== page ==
Coffled together by wire of purest gold

october15

Senior Member
Portugal-Portuguese
#1
Slaves coffled together by wire of purest gold threaded through their earglobes.

I really don't get it.

This dipicts a pannel (among others). I assume this was not exactly how the slaves were coffled together.

Is it me, or is this impossible? By wire of purest gold?

Help!

october15
 
  • Loob

    Senior Member
    English UK
    #2
    Hi october15

    There's at least one mistake in your transcription, and probably more than one:)

    "Earglobes" should read "earlobes".

    As for "coffled", I'm really not sure: maybe "coupled"?

    Could you please check the original text?
     

    Matching Mole

    Senior Member
    England, English
    #3
    Moderator note:

    Please give your questions meaningful titles that refer to the topic, not general ones like "difficult question".

    I have renamed this thread "Coffled together by wire of purest gold".
     

    Matching Mole

    Senior Member
    England, English
    #5
    A coffle is a train of beasts or slaves, so coffled would mean chained or tied together like animals or slaves. The slaves were linked to one another by pure gold wires threaded through their earlobes. As bizarre as this might sound, it is quite possible.
     
    English-England
    #7
    It's the most efficient way to explain that the wire was made from the most pure gold, without compromising the structure or flow of the sentence.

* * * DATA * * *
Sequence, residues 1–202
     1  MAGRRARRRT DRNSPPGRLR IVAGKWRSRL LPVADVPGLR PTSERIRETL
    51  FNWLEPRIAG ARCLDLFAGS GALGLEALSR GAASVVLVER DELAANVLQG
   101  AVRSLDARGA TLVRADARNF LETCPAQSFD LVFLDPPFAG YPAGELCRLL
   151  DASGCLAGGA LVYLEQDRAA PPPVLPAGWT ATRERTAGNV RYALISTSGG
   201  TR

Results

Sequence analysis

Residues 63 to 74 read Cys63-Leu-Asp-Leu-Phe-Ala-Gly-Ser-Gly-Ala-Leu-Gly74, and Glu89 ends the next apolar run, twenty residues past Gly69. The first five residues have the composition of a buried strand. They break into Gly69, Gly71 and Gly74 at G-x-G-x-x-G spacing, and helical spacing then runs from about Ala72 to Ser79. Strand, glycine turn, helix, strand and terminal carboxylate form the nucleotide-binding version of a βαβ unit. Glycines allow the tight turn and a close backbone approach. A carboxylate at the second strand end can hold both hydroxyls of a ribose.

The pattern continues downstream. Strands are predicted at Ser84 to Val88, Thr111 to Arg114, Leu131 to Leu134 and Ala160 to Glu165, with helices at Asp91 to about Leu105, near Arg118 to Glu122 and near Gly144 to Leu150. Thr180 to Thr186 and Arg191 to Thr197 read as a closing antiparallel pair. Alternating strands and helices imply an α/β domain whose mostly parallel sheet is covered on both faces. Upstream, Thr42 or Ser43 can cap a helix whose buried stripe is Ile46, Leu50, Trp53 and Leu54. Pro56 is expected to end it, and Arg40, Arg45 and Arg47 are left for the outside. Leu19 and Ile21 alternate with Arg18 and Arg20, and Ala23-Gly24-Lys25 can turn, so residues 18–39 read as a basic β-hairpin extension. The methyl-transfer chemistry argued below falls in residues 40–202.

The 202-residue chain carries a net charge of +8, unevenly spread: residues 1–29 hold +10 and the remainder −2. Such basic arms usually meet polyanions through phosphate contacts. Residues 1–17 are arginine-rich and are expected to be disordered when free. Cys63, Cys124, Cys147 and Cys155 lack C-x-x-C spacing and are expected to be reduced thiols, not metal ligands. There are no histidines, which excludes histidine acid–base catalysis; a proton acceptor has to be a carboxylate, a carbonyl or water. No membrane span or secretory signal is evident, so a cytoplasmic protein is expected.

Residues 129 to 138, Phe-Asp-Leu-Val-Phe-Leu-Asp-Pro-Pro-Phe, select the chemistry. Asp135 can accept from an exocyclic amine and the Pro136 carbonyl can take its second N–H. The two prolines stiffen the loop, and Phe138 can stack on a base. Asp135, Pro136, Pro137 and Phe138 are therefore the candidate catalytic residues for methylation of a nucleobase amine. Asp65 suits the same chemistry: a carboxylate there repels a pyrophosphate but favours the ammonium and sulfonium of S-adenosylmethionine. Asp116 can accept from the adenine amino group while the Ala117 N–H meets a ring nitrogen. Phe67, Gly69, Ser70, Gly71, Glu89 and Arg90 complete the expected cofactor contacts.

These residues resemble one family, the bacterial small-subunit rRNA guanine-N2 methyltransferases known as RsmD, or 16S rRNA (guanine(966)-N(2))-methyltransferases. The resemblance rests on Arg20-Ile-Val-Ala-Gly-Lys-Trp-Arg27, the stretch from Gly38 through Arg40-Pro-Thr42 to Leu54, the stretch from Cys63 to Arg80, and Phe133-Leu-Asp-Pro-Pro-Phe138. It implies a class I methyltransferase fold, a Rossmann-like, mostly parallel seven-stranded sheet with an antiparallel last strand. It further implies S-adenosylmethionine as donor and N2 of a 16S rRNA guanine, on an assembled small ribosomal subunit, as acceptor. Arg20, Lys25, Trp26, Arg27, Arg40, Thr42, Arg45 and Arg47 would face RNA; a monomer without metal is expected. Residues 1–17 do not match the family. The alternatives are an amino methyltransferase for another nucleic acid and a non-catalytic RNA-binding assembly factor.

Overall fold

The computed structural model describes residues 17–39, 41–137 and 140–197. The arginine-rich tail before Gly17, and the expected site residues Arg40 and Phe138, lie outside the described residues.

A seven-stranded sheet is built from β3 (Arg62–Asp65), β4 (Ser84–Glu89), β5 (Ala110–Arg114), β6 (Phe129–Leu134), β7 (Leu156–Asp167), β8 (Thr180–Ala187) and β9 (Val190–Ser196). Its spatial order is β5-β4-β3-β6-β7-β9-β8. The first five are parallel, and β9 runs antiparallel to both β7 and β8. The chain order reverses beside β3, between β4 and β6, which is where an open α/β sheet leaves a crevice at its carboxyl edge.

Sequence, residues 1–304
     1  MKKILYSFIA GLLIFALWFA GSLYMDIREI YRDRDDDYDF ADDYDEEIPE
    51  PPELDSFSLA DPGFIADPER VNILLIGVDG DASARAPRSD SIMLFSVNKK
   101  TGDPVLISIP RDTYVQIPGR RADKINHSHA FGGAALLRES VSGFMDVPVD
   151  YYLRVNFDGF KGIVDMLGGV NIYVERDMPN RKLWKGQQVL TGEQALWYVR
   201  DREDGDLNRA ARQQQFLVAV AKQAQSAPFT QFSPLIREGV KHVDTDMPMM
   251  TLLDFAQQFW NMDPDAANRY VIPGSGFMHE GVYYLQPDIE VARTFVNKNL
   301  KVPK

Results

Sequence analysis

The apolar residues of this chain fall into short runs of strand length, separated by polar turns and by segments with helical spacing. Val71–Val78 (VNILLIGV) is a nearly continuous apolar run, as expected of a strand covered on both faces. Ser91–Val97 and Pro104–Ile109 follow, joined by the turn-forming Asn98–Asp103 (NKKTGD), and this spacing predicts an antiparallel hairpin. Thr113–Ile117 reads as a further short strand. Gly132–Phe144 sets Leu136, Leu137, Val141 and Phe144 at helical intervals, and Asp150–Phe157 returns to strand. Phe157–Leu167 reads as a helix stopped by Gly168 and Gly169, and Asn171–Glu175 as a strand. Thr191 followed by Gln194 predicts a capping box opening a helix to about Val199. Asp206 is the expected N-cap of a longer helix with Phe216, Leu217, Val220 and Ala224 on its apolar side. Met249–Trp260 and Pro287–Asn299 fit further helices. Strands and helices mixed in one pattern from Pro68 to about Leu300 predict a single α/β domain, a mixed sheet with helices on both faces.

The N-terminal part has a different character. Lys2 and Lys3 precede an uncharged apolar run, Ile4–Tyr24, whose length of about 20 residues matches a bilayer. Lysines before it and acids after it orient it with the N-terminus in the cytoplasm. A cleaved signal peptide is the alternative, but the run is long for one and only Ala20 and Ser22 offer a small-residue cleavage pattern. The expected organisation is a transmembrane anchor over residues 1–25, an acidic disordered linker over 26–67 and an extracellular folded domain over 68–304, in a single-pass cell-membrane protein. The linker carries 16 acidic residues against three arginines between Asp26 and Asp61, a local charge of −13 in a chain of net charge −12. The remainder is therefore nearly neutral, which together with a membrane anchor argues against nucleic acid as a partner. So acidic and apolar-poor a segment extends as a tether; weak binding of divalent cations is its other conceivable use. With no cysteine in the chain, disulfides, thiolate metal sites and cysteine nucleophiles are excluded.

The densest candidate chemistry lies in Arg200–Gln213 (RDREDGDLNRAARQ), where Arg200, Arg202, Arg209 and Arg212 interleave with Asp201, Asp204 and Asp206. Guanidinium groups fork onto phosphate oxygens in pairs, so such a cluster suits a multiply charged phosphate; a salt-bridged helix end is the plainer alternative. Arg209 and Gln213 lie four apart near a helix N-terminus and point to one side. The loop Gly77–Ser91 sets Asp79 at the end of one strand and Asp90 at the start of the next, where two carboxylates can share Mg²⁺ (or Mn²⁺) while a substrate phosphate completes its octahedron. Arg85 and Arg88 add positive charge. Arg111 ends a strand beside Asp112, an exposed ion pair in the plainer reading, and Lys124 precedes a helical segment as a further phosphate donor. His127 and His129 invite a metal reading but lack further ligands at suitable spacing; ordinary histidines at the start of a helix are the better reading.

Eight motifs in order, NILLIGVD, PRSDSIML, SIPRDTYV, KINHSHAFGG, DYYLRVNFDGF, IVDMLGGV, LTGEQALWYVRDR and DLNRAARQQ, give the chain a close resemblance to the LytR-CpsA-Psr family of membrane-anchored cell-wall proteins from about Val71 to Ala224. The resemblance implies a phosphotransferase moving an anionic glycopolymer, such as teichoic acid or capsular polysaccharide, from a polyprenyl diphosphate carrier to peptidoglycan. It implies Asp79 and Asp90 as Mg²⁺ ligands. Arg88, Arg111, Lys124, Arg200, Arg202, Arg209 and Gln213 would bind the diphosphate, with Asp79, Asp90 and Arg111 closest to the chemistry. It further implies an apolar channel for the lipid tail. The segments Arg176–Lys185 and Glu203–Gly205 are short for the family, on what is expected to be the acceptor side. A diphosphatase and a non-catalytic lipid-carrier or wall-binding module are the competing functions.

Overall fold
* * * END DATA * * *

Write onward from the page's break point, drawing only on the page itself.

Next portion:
bibliolept

    Senior Member
    AE, Español
    #8
    It's the most efficient way to explain that the wire was made from the most pure gold, without compromising the structure or flow of the sentence.
    I stand by my characterization of the statement as "poetic." However efficient, I wouldn't write that sort of phrase unless I was deliberately trying to achieve a certain effect.
     

    Cagey

    post mod (English Only / Latin)
    English - US
    #9
    Here is a link to the SOURCE.

    The elaborate language supports Bibliolept's reading, in this instance, at least. For example, the paragraph from which the title sentence was taken begins:
    Alleluias echoed from the host of trumpets and psalteries that flocked and perched around the roof beams.​
     

    october15

    Senior Member
    Portugal-Portuguese
    #10
    Hi october15

    There's at least one mistake in your transcription, and probably more than one:)

    "Earglobes" should read "earlobes".

    As for "coffled", I'm really not sure: maybe "coupled"?

    Could you please check the original text?
    I'm sorry. It is earlobes. (oops). As for "coffled" that's the exact word. Slaves were coffled together in lines.

    october15
     

    panjandrum

    Occasional Moderator
    English-Ireland (top end)
    #11
    I don't see any difficulty with the expression "purest gold".
    The gold that constitutes the stuff that most of us wear is not pure gold.
    In my case, it is a mere 37.5% gold.
    Some of MrsP's stuff is 75% gold.
    I don't think we own anything that is 100% gold. It is too soft for practical use, but it would be OK in this particular context.
     
    USA - English
    #13
    The sentence is a description of an elaborate carved relief on the walls of a baroque church. In these circumstances, using gold wire instead of real iron shackles makes more sense.
     

    october15

    Senior Member
    Portugal-Portuguese
    #14
    The sentence is a description of an elaborate carved relief on the walls of a baroque church. In these circumstances, using gold wire instead of real iron shackles makes more sense.
    Hum... that's more like it.
    I remember seeing a doc about those pannels and the idea crossed my mind. Yet it is kind of weird. Slaves were chained together by their feet...

    Thanks.

    october15
     
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